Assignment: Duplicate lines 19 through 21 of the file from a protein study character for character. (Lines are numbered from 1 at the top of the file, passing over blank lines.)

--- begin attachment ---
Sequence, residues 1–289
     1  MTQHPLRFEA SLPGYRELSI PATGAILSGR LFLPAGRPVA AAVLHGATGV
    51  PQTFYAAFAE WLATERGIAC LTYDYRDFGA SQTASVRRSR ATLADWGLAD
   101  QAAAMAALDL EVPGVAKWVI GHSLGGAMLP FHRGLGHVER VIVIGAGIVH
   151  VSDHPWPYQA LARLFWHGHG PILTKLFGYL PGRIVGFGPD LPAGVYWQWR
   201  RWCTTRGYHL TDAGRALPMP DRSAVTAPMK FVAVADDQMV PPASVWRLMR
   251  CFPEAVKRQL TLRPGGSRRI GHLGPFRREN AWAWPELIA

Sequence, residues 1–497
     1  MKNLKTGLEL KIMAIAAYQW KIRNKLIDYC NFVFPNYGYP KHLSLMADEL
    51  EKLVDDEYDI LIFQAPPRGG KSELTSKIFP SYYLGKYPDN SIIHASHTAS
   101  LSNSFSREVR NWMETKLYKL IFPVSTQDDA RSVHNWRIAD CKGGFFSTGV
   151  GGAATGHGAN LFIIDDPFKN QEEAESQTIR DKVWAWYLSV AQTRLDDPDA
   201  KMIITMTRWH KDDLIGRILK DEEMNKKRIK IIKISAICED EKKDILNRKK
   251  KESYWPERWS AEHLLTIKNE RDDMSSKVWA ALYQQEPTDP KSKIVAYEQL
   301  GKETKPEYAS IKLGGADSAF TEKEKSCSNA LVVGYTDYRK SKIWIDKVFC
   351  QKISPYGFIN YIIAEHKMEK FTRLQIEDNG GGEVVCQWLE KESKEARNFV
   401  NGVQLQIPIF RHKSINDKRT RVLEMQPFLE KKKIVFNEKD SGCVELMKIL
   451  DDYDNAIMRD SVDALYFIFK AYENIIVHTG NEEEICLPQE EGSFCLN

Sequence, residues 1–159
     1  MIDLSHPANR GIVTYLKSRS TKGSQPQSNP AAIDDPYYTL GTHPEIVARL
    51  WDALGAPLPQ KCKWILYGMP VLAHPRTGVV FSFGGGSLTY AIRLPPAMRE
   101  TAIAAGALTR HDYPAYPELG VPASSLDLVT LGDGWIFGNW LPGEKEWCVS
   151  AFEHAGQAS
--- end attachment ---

Sequence, residues 1–159
     1  MIDLSHPANR GIVTYLKSRS TKGSQPQSNP AAIDDPYYTL GTHPEIVARL
    51  WDALGAPLPQ KCKWILYGMP VLAHPRTGVV FSFGGGSLTY AIRLPPAMRE